Big Finish Productions
The Big Finish Productions audio play Gallifrey: The Inquiry reveals further details of the Time Lord encounter with the Minyans: it is actually the secret test of a Time Lord timeonic fusion device that destroys Minyos, an incident that is covered up by the High Council and leads to their policy of non-interference. 
The recent history of Gallifrey has been referred to in the spin-off media as well as the television series. In addition to the uncertain canonicity of the spin-offs, where these various events fit on a time line, or even if they can be consolidated into a single one, is also unclear. The spin-off media[vague][which?] have also suggested that they[vague][which?] each take place in separate continuities.
Echoing similar events[vague] in the novels,[which?] the Fourth Doctor's former companion, Romana, returns from E-Space (where she remained at the end of Warriors' Gate) and rises to become President of the High Council. She is subsequently captured and imprisoned by the Daleks on the Etra Prime planetoid for twenty years until she escapes on the eve of their invasion of Gallifrey. The Dalek invasion is repelled with the help of the Sixth Doctor, although the Daleks manage to take control of the Seriphia galaxy, using it as a new power base. Romana reassumes her position as Lord President. 
Her tenure, however, is far from smooth. In the Gallifrey audio series, the emergence of a terrorist group known as Free Time, which wants to break the technological monopoly on time travel, threatens not just Gallifrey, but its time travel-capable allies. Romana's progressive policies, including opening the Academy to non-Gallifreyans, face opposition from more conservative elements. The escape of Pandora — an evil from Gallifrey's past — from the Matrix further complicated matters. Indeed, it is eventually revealed that Pandora is manipulating the Free Time zealots.
Although Romana initially wards off an attempted coup by Inquisitor Darkel, Pandora manages to manifest herself in the form of Romana's first incarnation. Both Romanas claim the title of Imperiatrix, absolute ruler of Gallifrey, and their conflict plunges the planet into civil war. Romana II is eventually able to eliminate the Pandora entity, at the cost of the destruction of the Matrix. Romana is then removed from the Presidency and replaced by a Time Lord named Matthias. The series[vague][dated info] ends on a cliffhanger, with Gallifrey on the brink of economic and social collapse as well as in danger of being overrun by a Free Time virus, while most of the cast are trapped with no apparent means of escape.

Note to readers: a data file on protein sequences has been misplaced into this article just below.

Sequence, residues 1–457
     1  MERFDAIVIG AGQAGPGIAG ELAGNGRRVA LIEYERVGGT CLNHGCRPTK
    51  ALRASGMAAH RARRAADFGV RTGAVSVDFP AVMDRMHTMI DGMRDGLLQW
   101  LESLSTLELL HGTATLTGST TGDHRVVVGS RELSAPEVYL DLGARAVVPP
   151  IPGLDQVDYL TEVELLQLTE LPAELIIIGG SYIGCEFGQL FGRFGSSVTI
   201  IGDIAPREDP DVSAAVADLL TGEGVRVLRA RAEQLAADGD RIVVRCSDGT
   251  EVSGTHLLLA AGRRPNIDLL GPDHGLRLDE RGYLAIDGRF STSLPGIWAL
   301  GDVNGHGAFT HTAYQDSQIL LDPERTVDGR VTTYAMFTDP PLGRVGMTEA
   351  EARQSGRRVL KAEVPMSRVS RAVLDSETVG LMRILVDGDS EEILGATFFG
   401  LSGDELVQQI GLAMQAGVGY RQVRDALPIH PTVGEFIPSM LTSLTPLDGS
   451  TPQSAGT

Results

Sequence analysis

Eighth Doctor Adventures
In the BBC Books Eighth Doctor Adventures, Romana regenerates into a third incarnation, a more martial and war-like ruler looking ahead to a predicted future war with an unnamed Enemy. In The Ancestor Cell, the Eighth Doctor apparently destroys Gallifrey and retroactively wipes the Time Lords from history to prevent the voodoo cult Faction Paradox from starting that war. 
In the last regular Eighth Doctor novel, The Gallifrey Chronicles by Lance Parkin, it is revealed that while Gallifrey is destroyed, the Time Lords are not erased from history. However, the cataclysm sets up an event horizon in time that prevents anyone from entering Gallifrey's relative past or travelling from it to the present or future. Some Time Lords, however, may have survived, [clarification needed] including Iris Wildthyme, the Master and the Minister of Chance from Death Comes to Time.
The memories of the Time Lords also survive within the Matrix, which has been downloaded into the Eighth Doctor's mind, but their reconstruction will require a sufficiently advanced computer. At the novel's end, the question of whether or not the Time Lords would be restored remained unanswered. 
- A short story, Birth of a Renegade by Eric Saward, published in the Radio Times 20th Anniversary Special (1983) gives an alternative account of the Doctor's origins. The story puts Susan in the Time Lords' recent history and identifies her as a descendant of Rassilon and the unwitting focus for a "student rebellion" against a dictatorial President. The rebellion is put down and the Doctor, his memory altered, is used to take Susan into exile. Andrew Cartmel's "Masterplan" deliberately contradicted this account.